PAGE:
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Vol. 17. Issue 68.
Pages 138-142 (July - September 2015)
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Vol. 17. Issue 68.
Pages 138-142 (July - September 2015)
Original article
DOI: 10.1016/j.rmu.2015.04.002
Open Access
Tendencies in medical publications
H.E. Tamez-Pérez, E. Delgadillo-Esteban
Corresponding author

Corresponding author at: Subdirección de Investigación, Facultad de Medicina, Universidad Autónoma de Nuevo León, Edificio de la Biblioteca Central de la Facultad de Medicina, planta baja, Av. Francisco I, Madero Pte. s/n y Dr. Eduardo Aguirre Pequeño, Col. Mitras Centro, C.P. 64460, Monterrey, N.L., Mexico.
, S.L. Proskauer-Peña, V. Arenas-Fabbri, A.M. Carranza-Trejo, J.G. González-González, A.L. Tamez-Peña
Office of Research, School of Medicine of the Autonomous University of Nuevo León, Mexico
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Tables (1)
Table 1. Distribution of publications according to study type in 2011.

To describe the trends of research design in publications from high-impact medical journals.


A cross-sectional, descriptive study was conducted by searching the 2011 electronic publications of the journals: New England Journal of Medicine, Journal of the American Medical Association, The Lancet, British Medical Journal, and Annals of Internal Medicine. Studies were classified as primary and secondary. The journal impact factor was taken from the Journal Citation Report website. Descriptive statistics were used to analyze and interpret the data.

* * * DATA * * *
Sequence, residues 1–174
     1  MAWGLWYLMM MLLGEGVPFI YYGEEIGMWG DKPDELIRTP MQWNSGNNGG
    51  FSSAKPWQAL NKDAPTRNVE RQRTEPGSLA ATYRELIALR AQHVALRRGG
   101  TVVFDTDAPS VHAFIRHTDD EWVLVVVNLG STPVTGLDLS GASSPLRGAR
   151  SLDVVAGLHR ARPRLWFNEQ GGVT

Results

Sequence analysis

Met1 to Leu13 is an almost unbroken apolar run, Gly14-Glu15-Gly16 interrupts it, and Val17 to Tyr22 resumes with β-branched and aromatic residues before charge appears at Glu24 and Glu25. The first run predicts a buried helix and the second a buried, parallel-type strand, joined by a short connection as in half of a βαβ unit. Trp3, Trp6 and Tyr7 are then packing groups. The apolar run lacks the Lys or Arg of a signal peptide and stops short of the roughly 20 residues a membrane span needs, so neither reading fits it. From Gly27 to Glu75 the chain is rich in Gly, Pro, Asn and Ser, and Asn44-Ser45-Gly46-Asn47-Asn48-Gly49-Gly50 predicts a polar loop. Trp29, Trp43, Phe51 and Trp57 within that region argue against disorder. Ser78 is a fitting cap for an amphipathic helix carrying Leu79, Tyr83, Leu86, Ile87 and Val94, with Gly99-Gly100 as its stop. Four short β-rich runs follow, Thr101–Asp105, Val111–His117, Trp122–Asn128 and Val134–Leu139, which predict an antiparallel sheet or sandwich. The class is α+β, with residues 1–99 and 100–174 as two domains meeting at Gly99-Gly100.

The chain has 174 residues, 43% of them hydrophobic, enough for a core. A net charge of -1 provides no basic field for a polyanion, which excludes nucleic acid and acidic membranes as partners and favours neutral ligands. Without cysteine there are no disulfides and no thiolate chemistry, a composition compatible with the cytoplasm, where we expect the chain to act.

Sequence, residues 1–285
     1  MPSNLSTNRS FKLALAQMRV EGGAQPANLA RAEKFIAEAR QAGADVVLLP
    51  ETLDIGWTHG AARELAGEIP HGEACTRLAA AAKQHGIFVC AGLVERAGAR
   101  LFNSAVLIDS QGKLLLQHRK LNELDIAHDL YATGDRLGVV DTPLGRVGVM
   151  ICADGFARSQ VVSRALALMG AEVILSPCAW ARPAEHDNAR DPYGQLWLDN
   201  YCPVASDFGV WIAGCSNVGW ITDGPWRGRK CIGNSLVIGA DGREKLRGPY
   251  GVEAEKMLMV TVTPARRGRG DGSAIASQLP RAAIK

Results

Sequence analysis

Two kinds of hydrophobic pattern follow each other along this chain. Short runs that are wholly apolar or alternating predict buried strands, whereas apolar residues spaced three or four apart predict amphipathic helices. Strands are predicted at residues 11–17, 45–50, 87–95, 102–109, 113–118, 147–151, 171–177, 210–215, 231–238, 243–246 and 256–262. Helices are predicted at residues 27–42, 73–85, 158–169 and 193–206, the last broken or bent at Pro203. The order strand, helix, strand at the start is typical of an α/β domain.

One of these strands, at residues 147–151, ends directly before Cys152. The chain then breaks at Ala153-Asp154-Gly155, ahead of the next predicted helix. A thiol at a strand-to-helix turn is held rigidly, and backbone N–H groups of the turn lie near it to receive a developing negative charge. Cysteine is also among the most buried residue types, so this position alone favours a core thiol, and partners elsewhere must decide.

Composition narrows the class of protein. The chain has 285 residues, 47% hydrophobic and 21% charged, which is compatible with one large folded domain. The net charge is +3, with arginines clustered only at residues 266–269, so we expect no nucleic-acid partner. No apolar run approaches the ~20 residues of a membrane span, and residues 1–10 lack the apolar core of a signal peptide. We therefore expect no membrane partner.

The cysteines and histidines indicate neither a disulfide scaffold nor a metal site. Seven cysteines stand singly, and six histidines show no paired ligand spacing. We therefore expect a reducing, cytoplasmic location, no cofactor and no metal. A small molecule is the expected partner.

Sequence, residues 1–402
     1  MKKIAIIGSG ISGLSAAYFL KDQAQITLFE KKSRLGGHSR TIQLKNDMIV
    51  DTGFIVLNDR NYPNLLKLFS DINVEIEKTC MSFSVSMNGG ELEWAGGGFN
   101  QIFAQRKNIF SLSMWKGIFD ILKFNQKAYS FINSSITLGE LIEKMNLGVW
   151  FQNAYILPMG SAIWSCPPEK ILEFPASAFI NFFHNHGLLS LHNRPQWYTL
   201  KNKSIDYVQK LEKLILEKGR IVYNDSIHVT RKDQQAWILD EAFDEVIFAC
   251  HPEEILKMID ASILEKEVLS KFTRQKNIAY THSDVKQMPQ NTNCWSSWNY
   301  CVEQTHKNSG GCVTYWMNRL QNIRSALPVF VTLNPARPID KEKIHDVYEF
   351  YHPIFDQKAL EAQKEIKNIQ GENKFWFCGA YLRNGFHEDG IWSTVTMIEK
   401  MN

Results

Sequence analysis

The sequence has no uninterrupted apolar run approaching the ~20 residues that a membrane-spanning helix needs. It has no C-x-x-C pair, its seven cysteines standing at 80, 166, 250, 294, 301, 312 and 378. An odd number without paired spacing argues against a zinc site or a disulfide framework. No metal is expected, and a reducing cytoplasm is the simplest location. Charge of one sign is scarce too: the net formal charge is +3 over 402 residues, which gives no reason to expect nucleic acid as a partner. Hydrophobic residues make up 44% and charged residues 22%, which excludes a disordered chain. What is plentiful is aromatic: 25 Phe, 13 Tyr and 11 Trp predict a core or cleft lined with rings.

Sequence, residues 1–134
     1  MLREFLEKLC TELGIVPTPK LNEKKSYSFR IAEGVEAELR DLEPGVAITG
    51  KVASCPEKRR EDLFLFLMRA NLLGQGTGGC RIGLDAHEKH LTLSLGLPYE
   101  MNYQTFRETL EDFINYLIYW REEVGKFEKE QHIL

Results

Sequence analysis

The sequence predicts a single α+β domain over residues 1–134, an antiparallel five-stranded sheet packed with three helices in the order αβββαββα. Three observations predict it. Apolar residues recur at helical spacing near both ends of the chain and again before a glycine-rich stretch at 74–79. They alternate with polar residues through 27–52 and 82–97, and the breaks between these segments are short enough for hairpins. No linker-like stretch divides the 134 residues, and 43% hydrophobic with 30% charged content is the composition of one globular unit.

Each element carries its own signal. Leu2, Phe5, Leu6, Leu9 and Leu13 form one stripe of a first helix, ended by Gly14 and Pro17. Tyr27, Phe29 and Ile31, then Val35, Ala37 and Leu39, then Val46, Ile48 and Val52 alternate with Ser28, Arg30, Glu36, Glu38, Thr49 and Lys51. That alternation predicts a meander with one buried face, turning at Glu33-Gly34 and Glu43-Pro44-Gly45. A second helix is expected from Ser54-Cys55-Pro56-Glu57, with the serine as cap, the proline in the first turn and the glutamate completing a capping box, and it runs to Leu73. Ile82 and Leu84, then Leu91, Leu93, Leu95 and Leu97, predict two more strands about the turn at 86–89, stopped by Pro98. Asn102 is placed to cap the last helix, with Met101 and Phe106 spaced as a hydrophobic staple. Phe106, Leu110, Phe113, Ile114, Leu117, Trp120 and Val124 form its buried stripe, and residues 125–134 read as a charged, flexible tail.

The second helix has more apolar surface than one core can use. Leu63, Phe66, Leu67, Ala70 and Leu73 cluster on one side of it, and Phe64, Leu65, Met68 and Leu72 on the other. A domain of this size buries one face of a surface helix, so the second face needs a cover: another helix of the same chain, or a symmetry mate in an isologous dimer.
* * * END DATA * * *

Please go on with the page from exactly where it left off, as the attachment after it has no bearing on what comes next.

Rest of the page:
We analyzed 1130 publications: 804 primary and 326 secondary studies, which represented 71.2% and 28.8% of the total publications, respectively. Among the primary studies, randomized clinical trials (30.4%) were the most prevalent, followed by cohort studies (21.9%) and case reports (9.0%).


These findings can have implications in Evidence-Based Medicine programs. Literature review should focus on reviewing secondary articles first, then experimental studies and finally, observational studies.

Evidence-based medicine
Randomized clinical trials
Review, Systematic
Cohort studies
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In the area of continuous medical education, in order to achieve the gold standard in medical attention, growth and current information, frequent review of medical literature is necessary. In modern medicine, healthcare excellence is combined with scientific rigor in the practice of evidence-based medicine (EBM). This new paradigm in medical education integrates the use of the best clinical evidence and experience in the diagnostic and therapeutic decision-making process. Proposed in 1992,1 its implementation has been replacing the authoritarian management and the purely heuristic in medicine. Using competences such as search strategies, critical reading and the application of evidence to the context of the patient2,3 to create and base an intervention. Some of its objectives are: to promote critical thinking, to promote continuous learning, to reduce the impact of medical error and improve the patient's prognosis. Nevertheless, despite having acceptance among some medical circles; critics point out the difficulty of integrating EBM into clinical practice.4–6 They question its epistemological value7,8 and comment regarding the resistance of its implementation in some health centers and universities.9